Trains, Planes and Automobiles: Is NCTD Our Climate Change Partner, or Our Enemy?

Buckle your seat belts, Del Mar: the campaign season has unofficially begun, with some bare-knuckled, if not particularly factual, attacks on Mayor Worden over NCTD-related issues.

In a recent Coast News commentary, former Supervisor and current Del Mar resident Pam Slater-Price excoriated Mayor Worden for sending NCTD a letter reminding them about Del Mar’s encroachment permit requirements, and for calling NCTD “our friend.”


Hershell Price quickly amplified Slater-Price’s commentary by sending it to Del Mar voters in an eblast that is effectively an early campaign hit-piece.


The City of Del Mar letter that Slater-Price attacked Worden for was, in fact, written by the City Manager, based on the direction of the entire City Council. City Manager Ashley Jones stated this on the record at today’s Council meeting Correspondence like this is routinely signed by the mayor, whoever that happens to be.


It’s worth noting that Slater-Price chastised only Worden, and not her political ally Councilmember Druker, for supporting the fence compromise that would have explicitly granted public access to the upper bluff trails and ensured that if NCTD installs a fence on the upper bluff, it will be a lower profile, 4’ fence rather than a 6’ one that blocks access to the trails.


Will the City Manager’s clarification as to the letter’s origins result in a correction by Coast News, Slater-Price, or Price? Our current “alternative facts” political climate suggests not.

NCTD: Del Mar’s Enemy, or Climate Change Partner?

Apparently, a dispute over a fence obligates all Del Mar officials to treat NCTD — whose 101 Bus and Coaster train service provide public transportation for Del Mar — as our enemy.


Meanwhile, Councilmember Dan Quirk continues his one-man anti-train campaign, arguing against the future viability of trains – as though it is in Del Mar’ interest to see hundreds of self-driving tractor-trailer rigs added to I-5’s already congested traffic, along with additional passenger vehicles, if his vision of discontinuing train service between Del Mar and San Diego becomes a reality.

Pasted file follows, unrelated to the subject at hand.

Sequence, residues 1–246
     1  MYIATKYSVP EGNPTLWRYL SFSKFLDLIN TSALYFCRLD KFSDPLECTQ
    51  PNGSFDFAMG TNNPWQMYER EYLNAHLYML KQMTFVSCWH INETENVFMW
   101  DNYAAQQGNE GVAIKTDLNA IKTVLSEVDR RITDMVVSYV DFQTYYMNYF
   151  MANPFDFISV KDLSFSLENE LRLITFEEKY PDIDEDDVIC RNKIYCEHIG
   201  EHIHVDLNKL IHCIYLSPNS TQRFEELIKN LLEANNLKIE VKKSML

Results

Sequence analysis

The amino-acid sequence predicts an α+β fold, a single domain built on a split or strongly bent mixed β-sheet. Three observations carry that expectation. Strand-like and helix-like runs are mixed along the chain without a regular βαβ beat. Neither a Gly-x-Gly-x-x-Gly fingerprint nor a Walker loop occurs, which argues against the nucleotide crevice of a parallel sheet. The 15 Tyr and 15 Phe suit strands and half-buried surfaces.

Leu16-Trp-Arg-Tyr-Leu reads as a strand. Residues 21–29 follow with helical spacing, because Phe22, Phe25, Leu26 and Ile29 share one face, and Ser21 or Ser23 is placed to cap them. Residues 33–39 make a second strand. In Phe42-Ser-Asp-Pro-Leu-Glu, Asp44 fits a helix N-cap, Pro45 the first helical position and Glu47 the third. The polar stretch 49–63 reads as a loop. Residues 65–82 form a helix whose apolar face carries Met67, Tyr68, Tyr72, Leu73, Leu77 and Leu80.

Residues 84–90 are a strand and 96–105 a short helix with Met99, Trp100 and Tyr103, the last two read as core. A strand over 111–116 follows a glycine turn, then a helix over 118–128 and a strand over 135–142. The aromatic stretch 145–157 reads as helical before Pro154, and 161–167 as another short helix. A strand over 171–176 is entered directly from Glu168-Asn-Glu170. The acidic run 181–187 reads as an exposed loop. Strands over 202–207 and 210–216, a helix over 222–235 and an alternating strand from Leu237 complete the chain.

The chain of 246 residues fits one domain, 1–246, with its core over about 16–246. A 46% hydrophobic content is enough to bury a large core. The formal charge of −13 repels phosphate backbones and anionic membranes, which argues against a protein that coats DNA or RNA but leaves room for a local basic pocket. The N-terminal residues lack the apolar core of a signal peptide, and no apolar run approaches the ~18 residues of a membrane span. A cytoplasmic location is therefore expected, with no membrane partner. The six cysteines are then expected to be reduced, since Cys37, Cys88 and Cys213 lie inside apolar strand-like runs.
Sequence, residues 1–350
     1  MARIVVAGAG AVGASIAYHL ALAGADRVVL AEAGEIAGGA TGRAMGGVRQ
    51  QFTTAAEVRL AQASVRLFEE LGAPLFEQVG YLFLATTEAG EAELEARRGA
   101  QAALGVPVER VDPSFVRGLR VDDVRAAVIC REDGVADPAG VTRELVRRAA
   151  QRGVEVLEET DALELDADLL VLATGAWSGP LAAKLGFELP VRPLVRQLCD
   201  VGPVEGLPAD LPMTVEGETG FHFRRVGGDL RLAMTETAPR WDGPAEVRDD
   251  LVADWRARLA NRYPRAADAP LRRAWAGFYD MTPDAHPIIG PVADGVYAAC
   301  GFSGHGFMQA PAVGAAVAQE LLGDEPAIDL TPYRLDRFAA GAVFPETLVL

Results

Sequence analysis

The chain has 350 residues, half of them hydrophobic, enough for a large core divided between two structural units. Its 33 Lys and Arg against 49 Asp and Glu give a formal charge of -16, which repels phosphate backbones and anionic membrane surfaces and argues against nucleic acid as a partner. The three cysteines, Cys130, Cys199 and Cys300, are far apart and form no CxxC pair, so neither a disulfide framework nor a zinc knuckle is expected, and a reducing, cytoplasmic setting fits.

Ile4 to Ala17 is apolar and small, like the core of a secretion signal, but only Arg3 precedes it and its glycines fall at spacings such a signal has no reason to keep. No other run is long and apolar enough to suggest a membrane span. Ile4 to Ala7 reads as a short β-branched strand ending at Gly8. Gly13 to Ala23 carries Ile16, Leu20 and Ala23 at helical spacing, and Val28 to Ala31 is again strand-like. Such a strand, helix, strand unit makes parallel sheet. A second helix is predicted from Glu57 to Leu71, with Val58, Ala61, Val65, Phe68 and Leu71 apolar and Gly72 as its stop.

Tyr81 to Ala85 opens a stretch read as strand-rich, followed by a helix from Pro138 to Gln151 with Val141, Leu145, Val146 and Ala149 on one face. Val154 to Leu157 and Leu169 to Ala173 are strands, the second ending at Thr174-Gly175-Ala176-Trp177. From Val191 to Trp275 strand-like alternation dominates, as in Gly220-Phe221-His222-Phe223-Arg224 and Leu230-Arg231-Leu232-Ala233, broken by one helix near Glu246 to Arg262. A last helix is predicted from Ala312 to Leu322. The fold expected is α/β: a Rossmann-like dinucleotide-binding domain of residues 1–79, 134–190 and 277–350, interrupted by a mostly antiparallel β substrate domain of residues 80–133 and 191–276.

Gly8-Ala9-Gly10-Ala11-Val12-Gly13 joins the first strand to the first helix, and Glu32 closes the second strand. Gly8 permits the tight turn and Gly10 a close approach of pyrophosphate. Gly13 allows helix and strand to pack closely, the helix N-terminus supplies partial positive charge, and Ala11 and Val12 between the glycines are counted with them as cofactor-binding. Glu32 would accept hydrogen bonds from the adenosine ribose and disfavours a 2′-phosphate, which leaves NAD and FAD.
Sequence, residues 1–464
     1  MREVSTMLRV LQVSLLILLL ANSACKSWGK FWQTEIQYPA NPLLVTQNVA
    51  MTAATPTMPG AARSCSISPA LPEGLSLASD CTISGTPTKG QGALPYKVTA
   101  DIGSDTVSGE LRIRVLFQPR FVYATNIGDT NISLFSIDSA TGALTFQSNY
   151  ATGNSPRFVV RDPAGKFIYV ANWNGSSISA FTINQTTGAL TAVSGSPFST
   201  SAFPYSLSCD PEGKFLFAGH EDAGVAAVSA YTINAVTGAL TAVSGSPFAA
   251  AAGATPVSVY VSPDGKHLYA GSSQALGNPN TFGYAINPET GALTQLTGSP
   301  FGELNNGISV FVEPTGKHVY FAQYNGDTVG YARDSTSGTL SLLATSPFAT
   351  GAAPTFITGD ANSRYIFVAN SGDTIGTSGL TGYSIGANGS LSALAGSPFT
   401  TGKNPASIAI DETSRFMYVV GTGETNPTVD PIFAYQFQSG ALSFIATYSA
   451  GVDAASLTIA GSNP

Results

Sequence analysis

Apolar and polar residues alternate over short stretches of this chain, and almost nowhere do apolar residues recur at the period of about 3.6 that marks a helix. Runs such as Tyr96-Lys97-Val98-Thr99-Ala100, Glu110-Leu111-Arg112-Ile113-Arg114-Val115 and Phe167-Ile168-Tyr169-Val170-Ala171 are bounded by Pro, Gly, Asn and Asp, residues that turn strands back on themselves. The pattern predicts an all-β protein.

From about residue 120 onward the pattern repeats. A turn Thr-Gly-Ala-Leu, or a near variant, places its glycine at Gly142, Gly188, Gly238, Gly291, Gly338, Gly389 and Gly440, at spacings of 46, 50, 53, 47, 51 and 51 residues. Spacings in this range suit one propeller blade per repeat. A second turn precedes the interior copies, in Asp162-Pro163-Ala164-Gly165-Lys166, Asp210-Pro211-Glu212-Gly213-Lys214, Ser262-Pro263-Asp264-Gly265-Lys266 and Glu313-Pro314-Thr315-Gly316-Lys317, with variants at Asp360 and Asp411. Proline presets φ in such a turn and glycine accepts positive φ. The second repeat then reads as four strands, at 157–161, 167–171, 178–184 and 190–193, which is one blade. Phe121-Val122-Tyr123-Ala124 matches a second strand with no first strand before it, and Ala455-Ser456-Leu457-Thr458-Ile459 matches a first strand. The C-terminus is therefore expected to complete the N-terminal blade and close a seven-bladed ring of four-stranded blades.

Science-based institutions on every level – local, state, national and international – have sounded a “code red for humanity” alarm for climate change. Trains and public transit are a critical component of efforts worldwide to reduce our carbon footprint.


Emissions from transportation account for about 27 percent of total U.S. greenhouse gas emissions, making it the largest contributor of U.S. GHG emissions (source: EPA). So, if Del Mar wants to do its part in addressing climate change, transportation has to be a key focus of our efforts. It is in our interest to help NCTD succeed in making public transit (and yes, freight trains) a cost-effective and practical alternative to the passenger cars and big rigs that clog our freeways and spew GHGs.


Our European allies understand the importance of trains (vs. cars or airplanes) in meeting climate goals. And leading U.S. engineers do too: they’re testing autonomous, electric freight trains on California tracks.


We have yet to hear a single word from Del Mar’s representatives on NCTD’s Board – Dan Quirk, and Terry Gaasterland as first alternate – as to what they have done, as part of NCTD’s governing body, to improve public transit in Del Mar and North County in order to reduce GHG emissions from transportation.


We’re fiddling while Rome burns – and our City Council’s focus appears to be on re-branding NCTD as our mortal enemy, rather than working with them as our essential partner in climate action. As the Sandpiper has editorialized recently, it’s past time for more adults in the room, to provide leadership for Del Mar on existential issues including climate change. Adults can figure out a way to oppose NCTD’s fencing plan and still work as effective partners with NCTD on critical issues like climate change.